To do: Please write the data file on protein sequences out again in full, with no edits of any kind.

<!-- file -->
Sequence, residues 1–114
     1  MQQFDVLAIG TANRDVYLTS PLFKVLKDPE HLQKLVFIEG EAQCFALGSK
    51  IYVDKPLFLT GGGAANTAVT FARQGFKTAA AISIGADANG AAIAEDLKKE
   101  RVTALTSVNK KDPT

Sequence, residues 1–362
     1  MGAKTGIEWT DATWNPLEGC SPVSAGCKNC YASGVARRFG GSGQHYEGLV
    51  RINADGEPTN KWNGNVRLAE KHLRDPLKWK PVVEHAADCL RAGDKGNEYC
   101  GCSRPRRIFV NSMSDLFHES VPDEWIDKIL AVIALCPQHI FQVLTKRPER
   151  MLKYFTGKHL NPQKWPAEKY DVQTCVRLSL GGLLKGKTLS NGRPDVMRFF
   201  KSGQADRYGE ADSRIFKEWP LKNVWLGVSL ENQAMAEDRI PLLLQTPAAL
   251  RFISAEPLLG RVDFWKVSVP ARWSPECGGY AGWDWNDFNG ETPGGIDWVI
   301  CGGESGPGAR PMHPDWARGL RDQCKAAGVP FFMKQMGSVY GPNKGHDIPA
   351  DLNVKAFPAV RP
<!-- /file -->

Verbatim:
Sequence, residues 1–114
     1  MQQFDVLAIG TANRDVYLTS PLFKVLKDPE HLQKLVFIEG EAQCFALGSK
    51  IYVDKPLFLT GGGAANTAVT FARQGFKTAA AISIGADANG AAIAEDLKKE
   101  RVTALTSVNK KDPT

Sequence, residues 1–362
     1  MGAKTGIEWT DATWNPLEGC SPVSAGCKNC YASGVARRFG GSGQHYEGLV
    51  RINADGEPTN KWNGNVRLAE KHLRDPLKWK PVVEHAADCL RAGDKGNEYC
   101  GCSRPRRIFV NSMSDLFHES VPDEWIDKIL AVIALCPQHI FQVLTKRPER
   151  MLKYFTGKHL NPQKWPAEKY DVQTCVRLSL GGLLKGKTLS NGRPDVMRFF
   201  KSGQADRYGE ADSRIFKEWP LKNVWLGVSL ENQAMAEDRI PLLLQTPAAL
   251  RFISAEPLLG RVDFWKVSVP ARWSPECGGY AGWDWNDFNG ETPGGIDWVI
   301  CGGESGPGAR PMHPDWARGL RDQCKAAGVP FFMKQMGSVY GPNKGHDIPA
   351  DLNVKAFPAV RP